Those two instances are not isolated selections. They constitute a lifelong, repeating pattern and are the result of a compulsive, knee-jerk tendency to project himself and create lies in their purest form: the inversion of reality:

"I did not have sexual relations with that woman, Miss Lewinsky."

It is the same with the other half of the political creature known and feared far and wide as Billary:

Hillary is around a hundred pledged delegates behind Obama. She is behind in the popular votes, and Obama has nearly doubled her in the number of states won. Barring a landsliding, home stretch surge (nearly impossible at this point), Hillary has lost the primary race, but she can still win the nomination by jumping through a loophole in our Constitutional republic, namely, by winning over the Superdelegates.

If Billary succeeds in doing that, there will be turmoil in the upcoming Democratic Convention in Denver not seen since the one in Chicago in 1968, and a fury among the Left not seen or heard since the wake of the Supreme Court's awarding of Florida's electoral votes to Bush in 2000.

It will be agony for the party, but Billary's concern is for themselves first and foremost. Let the pieces fall where they may, as long as they are the last one's standing.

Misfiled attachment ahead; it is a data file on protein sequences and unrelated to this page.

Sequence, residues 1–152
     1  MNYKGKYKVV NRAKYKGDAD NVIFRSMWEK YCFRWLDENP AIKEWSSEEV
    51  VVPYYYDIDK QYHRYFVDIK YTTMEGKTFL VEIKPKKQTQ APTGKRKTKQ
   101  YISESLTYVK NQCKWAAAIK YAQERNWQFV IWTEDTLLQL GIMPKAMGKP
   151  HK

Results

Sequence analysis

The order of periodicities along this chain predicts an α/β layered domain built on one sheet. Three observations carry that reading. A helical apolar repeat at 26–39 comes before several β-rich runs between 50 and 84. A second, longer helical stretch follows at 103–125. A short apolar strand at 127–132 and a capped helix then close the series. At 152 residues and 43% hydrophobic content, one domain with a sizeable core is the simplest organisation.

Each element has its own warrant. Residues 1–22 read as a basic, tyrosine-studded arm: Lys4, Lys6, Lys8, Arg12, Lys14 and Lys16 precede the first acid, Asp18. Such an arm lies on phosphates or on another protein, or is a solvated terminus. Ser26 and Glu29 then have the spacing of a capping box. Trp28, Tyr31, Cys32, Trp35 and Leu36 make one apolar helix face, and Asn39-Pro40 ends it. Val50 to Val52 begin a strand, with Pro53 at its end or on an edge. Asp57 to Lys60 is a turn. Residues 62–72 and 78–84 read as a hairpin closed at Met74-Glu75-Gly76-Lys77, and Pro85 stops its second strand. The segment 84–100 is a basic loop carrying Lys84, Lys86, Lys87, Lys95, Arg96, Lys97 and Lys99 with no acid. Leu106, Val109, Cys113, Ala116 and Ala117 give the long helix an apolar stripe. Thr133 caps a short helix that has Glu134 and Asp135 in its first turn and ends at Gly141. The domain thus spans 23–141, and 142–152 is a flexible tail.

That's not the point here, however. Like the Supreme Court's awarding of electoral votes to Bush, Billary's succesful wooing of Superdelegates would be lawful. We live in a Constitutional Republic, not a pure Democracy by plebiscite, something the crybabies of 2000 seemed unable to grasp (and something the pro-Obamites will fail to accept gracefully if it comes down to that).

The point here is that Hillary herself tried to capitalize on the (un-Constitutional) democracy-by-plebiscite inspired furor in the wake of W's disputed victory and called for the abolishment of the Electoral College:

“I believe strongly that in a democracy, we should respect the will of The People.”

Note the characteristically Lefty, hyperbolic adverb: She not only "believes" in that, but believes "strongly." That is a dead giveaway that she believes nothing of the sort, as her pending failsafe plan to subvert the plebiscite via Superdelegate decree will prove, but she is selectively asserting that principle once again if it can benefit her elsewhere: